2010 Caldecotts

Sunday, January 24th, 2010

All of the books that are on the Caldecott list this year are new to me. I hadn’t read any of them as of the awards’ announcement last Monday, but I’m caught up now.

lionmouseCaldecott Medal Winner: The Lion and the Mouse by Jerry Pinkney.

I was disappointed with this one, I have to say. But it’s probably more of a personal taste thing. I know Jerry Pinkney’s illustrations are beautiful, and as his books go this one really stood out to me. But it’s not my personal taste in illustrations, and I have a hard time getting students into his books. The text is actually very lengthy and very difficult for my students, and since the artwork is much more traditional they reach for modern, more accessible stories every time. This one has no text, so the Aesop’s Fable is told just through images. Worked into a lesson or story time about the fable I can see it working. But there were other books this year whose illustrations just blew me away. Peter Brown’s The Curious Garden, for example (which I really thought was robbed for not even an Honor this year).

All the WorldCaldecott Honor Book: All the World, written by Liz Garton Scanlon and illustrated by Marla Frazee.

I love, love, love Marla Frazee. Really, I do. And I’m completely charmed by this book and happy to see it take a Caldecott Honor. But it is not as great as her A Couple of Boys Have the Best Week Ever from last year. However, I’m going to try not to compare the two since, after all, I really did like this book. And they are very different. Liz Garton Scanlon’s poem is beautiful, and Frazee’s illustrations give it the kind of look that would make my kids excited about poetry and give them that warm, fuzzy feeling that books should. It’s a book about a family’s day out, a rainstorm, a cafe, a trip home. The multi-racial family would speak to my students as well. There is lots to celebrate with this one, which somehow manages to take the whole big world and make it feel incredibly cozy and familiar.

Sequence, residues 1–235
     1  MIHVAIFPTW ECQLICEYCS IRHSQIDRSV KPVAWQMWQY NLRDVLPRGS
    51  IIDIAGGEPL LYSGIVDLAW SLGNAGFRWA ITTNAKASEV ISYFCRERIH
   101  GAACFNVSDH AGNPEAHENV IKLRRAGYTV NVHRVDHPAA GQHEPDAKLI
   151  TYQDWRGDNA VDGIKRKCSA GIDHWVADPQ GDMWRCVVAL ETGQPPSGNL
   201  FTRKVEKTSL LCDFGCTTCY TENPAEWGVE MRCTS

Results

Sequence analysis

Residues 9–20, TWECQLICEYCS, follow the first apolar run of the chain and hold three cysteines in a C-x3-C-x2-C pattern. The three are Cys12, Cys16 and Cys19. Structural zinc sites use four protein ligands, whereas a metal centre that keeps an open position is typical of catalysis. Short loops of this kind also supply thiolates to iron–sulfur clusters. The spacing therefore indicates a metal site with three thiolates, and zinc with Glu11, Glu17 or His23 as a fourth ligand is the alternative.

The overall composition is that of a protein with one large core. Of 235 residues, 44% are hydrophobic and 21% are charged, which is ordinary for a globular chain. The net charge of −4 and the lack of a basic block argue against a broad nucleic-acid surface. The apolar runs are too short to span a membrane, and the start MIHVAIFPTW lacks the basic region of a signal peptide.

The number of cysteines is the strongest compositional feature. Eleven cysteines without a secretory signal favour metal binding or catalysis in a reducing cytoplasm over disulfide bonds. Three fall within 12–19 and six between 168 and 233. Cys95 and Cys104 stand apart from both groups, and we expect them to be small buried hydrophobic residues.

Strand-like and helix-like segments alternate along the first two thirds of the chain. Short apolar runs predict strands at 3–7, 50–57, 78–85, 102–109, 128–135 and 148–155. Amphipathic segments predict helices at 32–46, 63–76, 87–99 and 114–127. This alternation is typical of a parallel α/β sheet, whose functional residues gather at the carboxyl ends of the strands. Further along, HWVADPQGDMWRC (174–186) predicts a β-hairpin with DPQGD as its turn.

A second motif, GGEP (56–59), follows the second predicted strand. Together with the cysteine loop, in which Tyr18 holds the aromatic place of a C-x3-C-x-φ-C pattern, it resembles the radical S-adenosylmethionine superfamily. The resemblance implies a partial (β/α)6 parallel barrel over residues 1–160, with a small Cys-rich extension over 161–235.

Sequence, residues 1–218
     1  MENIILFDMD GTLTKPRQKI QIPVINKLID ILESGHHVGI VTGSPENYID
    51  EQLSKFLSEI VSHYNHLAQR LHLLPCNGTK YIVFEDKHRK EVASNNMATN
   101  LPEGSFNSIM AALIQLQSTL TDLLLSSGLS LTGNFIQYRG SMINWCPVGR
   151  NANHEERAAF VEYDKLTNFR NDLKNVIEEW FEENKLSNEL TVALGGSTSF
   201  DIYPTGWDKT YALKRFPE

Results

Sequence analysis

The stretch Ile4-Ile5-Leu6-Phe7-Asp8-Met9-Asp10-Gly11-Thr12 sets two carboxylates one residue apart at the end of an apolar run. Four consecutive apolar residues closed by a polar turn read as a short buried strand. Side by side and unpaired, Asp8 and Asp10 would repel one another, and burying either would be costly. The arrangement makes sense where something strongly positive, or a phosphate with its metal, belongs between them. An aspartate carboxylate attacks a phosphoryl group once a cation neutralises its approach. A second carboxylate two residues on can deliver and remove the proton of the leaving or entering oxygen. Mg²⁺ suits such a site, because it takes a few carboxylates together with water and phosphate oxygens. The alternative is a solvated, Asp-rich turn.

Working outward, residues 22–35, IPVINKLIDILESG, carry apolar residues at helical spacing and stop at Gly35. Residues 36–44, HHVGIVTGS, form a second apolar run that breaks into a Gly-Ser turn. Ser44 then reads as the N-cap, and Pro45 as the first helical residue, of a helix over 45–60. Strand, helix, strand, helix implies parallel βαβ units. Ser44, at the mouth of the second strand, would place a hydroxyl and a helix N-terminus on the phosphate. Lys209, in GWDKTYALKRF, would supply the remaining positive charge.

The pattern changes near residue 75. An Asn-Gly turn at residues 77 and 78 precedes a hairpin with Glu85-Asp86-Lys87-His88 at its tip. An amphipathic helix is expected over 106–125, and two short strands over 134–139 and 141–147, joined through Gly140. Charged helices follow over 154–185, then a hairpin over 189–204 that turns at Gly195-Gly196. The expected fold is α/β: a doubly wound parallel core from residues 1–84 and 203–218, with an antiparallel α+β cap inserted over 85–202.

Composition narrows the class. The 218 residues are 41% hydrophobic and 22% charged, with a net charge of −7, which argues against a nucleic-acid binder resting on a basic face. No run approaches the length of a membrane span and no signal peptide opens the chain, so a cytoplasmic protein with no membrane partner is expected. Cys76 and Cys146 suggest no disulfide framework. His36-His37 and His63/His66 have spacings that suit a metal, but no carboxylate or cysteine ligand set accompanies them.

redsingsCaldecott Honor Book: Red Sings from Treetops: A Year in Colors, written by Joyce Sidman and illustrated by Pamela Zagarenski.

Of the 3 Caldecott books this year, this one is by far my favorite. So much so that it’s visual impact is inspiring my crafty life as well as my book life. The lyrical tale of how colors change and reflect each season is magical to look at, with a crowned figure who dances through the year and acts as a sort of visual narrator for all the colors in nature. The possibilities with this one are endless: nature observation projects with students, poems based on colors, etc. And something about that crowned mystery figure throughout made this feel almost like a fairy tale to me, with the collages and paintings working perfectly to make it feel slightly otherworldly and also perfectly familiar. Books like this are why I’m a childrens’ librarian. I get to combine my love for art with my love for kids and books. Loved it.

Wink! The Ninja Who Wanted to Be Noticed by J.C. Phillipps

Wednesday, November 18th, 2009

winkI read this book months ago, but I have been woefully negligent in posting book reviews this year. I’ve mainly posted booklists and books I’ve taught, so it’s time for some more reviews.

All of Wink’s dreams come true when he is accepted into a school for young ninjas. He wants nothing more than to be a ninja. During each lesson he has a great deal of trouble following directions. While everyone else is silent, Wink makes noise. When everyone else is stealthy, Wink makes his presence known. He is constantly sent home with proverbial notes from the ninja school master (“The loudest cricket is the first to be caught”). His grandmother has equally great proverbs to offer about the importance of having fun and being yourself.  When he decides to do his best to be both silent and stealthy, it works so well that no one notices. Wink doesn’t see the fun in this at all, so he breaks free with hilarious results.